Economics Index and Qualifications
By Richard Bruce BA, MA, and PhC in Economics
Former Instructor St. John's University, New York City

Developing Nations Grew Twice as Quickly
in the Aughts as the Nineties

The per person economic growth rate of the developing nations roughly doubled in the first decade of the new millennium compared to the last decade of the previous millennium.

In the 1990s the per person economic growth rate of the developing countries was roughly two and a half percent per year, in the first eleven years of the new millennium it was about five percent per year. Five percent growth per year is fairly rapid, with compounding it means doubling every 14 years. Check notes at bottom for my sources.

The long run average for very rich nations like the United States, Japan, Germany, France, and the United Kingdom is about two percent a year per person, which with compounding yields a doubling time of thirty five years. So the new accelerated growth rate of the developing world will result in a narrowing of the gap between rich and poor countries if it continues or accelerates.

The accelerating growth of the developing nations was not just a Chinese, or Asian phenomena, it was wide spread. The World Bank divides the developing nations into three income categories, low, lower middle and upper middle. All three categories had positive economic growth per person, and all three groups had faster annual growth in the 2000-2011 period than the 1990-2000 period.

The World Bank also divides the developing nations into six geographic areas, (1) East Asia and the Pacific, (2) Europe and Central Asia, (3) Latin America and the Caribbean, (4) the Middle East and North Africa, (5) South Asia, and (6) Sub-Saharan Africa. Once again all six geographic areas had positive economic growth per person, and all six areas had faster annual growth in the 2000-2011 period than the 1990-2000 period.

There were individual countries where the per person output of the economy fell, but the general trend for the developing countries as a whole and the many divisions based on income and geography were all positive.

The success of the developing nations stands in stark contrast to the slower growth rate of the developed nations, and of course the economic slump that the developed nations suffered in the last several years of the eleven year period, and which continues today. The economic slump is slowing the growth of the developing nations. But it has not stopped their growth.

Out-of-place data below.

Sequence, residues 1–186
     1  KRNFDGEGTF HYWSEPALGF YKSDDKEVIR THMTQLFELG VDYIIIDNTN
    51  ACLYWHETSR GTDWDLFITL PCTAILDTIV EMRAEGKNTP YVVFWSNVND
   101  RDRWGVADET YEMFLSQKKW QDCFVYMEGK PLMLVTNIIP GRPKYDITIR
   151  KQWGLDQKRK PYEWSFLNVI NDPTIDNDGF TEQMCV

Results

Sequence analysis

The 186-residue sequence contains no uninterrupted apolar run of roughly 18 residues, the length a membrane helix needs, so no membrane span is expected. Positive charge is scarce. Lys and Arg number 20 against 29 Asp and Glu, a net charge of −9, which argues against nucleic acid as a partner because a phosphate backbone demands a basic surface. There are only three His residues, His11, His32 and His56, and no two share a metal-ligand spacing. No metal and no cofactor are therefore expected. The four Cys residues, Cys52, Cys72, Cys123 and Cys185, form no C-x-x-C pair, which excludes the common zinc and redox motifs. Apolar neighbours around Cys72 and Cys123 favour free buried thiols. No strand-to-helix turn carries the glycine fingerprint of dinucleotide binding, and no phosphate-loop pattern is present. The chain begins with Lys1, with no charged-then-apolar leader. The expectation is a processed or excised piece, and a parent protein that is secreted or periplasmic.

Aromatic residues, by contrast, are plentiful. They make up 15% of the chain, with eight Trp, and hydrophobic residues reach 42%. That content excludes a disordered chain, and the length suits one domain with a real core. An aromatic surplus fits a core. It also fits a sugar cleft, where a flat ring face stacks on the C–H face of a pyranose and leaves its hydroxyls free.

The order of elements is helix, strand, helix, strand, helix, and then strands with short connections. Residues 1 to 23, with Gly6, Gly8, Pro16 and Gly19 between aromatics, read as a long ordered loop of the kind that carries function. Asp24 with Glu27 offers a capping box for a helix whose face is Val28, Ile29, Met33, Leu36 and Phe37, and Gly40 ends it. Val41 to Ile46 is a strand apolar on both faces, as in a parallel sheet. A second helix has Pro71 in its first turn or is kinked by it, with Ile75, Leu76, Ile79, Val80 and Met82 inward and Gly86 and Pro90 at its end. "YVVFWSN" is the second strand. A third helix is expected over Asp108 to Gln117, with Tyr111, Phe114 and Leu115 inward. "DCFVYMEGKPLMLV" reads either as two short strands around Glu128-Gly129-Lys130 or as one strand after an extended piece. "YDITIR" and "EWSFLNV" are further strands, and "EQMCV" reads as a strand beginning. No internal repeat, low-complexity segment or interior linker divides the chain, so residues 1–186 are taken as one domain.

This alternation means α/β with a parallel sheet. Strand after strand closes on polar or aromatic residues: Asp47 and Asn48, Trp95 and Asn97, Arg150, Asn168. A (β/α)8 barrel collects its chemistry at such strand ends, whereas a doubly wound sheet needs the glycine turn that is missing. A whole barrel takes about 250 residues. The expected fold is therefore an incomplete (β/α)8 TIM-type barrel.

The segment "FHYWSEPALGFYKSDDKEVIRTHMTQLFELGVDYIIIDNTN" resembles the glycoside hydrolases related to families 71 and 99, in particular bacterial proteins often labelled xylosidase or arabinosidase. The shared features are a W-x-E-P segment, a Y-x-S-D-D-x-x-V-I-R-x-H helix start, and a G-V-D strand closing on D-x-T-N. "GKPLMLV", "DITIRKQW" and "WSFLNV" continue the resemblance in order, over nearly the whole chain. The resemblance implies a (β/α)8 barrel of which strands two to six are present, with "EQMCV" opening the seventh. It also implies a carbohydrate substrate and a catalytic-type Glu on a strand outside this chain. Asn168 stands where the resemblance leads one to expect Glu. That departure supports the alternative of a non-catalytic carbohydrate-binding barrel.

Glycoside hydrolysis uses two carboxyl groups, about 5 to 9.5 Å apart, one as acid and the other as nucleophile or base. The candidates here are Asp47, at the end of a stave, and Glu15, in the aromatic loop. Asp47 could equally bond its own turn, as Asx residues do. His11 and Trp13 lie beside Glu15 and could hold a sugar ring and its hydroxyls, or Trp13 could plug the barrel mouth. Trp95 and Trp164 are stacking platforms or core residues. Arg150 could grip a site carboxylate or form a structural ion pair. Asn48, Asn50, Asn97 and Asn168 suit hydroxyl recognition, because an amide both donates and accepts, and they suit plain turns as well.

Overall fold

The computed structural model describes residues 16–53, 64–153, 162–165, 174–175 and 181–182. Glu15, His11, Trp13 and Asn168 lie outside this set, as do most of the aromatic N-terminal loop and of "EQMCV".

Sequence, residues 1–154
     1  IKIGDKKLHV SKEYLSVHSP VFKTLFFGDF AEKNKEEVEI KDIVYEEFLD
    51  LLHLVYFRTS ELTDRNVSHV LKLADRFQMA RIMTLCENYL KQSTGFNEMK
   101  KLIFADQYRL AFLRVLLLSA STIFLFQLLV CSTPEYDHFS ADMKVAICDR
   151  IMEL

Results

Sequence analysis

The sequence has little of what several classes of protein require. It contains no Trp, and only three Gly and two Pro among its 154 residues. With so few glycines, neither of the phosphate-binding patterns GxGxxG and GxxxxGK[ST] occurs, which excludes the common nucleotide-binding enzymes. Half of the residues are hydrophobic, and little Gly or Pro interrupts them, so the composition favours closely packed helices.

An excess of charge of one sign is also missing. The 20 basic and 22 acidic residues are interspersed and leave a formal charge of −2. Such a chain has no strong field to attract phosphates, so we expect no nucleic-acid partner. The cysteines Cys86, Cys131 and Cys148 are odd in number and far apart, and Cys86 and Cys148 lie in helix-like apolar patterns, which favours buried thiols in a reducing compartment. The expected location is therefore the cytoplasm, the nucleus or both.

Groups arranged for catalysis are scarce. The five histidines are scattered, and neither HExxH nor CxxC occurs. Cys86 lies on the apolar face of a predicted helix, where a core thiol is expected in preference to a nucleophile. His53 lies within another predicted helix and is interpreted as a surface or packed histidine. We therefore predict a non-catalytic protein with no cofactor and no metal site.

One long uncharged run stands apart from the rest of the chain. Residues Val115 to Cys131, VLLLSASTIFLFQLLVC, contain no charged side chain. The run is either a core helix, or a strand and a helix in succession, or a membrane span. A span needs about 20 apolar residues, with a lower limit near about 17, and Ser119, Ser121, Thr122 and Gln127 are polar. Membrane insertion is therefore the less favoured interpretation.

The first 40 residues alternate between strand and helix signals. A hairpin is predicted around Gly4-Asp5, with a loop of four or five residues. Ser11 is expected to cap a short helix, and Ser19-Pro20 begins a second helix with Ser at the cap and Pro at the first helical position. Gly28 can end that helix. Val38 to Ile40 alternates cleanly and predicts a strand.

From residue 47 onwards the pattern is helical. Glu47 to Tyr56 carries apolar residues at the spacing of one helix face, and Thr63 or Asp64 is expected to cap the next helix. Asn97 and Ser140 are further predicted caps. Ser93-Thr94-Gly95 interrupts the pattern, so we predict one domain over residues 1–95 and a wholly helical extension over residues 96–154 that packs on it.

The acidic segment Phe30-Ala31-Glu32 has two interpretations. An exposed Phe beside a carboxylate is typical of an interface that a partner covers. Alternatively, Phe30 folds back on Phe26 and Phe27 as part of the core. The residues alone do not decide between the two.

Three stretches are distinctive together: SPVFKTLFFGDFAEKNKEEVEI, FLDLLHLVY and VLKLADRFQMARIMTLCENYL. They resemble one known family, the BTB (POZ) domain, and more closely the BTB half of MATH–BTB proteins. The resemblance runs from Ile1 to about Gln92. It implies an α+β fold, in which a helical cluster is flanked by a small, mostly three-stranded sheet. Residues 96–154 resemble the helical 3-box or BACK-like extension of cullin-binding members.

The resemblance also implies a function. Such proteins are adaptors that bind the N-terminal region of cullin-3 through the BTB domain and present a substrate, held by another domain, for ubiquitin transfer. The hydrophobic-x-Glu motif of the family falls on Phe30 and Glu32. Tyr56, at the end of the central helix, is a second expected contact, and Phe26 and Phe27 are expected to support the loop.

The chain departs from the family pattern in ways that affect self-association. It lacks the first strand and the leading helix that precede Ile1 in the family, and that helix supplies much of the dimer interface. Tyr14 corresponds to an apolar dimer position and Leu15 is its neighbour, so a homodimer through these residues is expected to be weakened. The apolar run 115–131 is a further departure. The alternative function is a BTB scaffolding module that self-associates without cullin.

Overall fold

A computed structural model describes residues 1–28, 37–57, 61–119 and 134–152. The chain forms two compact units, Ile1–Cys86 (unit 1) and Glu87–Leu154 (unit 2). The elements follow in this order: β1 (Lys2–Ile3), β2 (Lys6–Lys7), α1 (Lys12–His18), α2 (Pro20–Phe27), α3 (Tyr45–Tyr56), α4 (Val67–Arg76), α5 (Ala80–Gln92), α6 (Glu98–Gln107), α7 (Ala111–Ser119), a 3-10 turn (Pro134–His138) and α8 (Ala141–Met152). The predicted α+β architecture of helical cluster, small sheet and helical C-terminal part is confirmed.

When the developed nations start to really recover from this slump, presumably the developing countries will resume, and perhaps exceed the rapid growth they achieved before the slump.

If this new higher level of growth can be maintained, or even increased the developing world will rapidly join the developed world. From a humanitarian point of view this is very good. If the developing country is democratic, or can make the transition to democracy it is also good for the cause of peace because democracies with developed economies are very stable and always at peace with other developed democracies. A world of developed democracies will be a world at peace. Furthermore as war is very bad for the ecology, peace is green.

On the other hand we in the developed world face the challenge of reinventing the high income life style so that all the people on the planet can share a high income life style without wrecking the ecology.

Notes on how I got the above figures

The figures for the first eleven years of the new millennium, 2,000-2011 were taken from two world bank web pages, one for GDP and the other for population. You will have to scroll down to the bottom to find the figures for developing countries. The world considers high income countries developed. Low and middle income countries are developing countries. The total economic growth rate was 6.3%, the population growth rate was 1.3%, so the per person or per capita growth was 5%.

The total growth figure for the low and middle income, developing, countries in the 1990s is right next to the figure for the first eleven years of the new millennium. It is 4.2%. But I had to estimate population growth. I used Infoplease figures on population growth. The world's total population growth was about 1.5 percent a year. I noted that in the first eleven years of the new millennium the developing world's population was .1% higher than the world as a whole, so I assumed about a 1.6% growth rate, which I then subtracted to get 2.6% economic growth per year per person. This is roughly half the per person growth rate for the later period. Exact figures are not necessary, because gross domestic product figures are not exact and are controversial, and my only point is there was a rapid acceleration of growth. A tenth of percent one way or the other is hardly relevant to my point.

How will the 3rd world develop? This popular web page lays out the growth path.

Here is an index to my other pages on economics, and a short review of my qualifications in this field.

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Last updated Sept. 23, 2013

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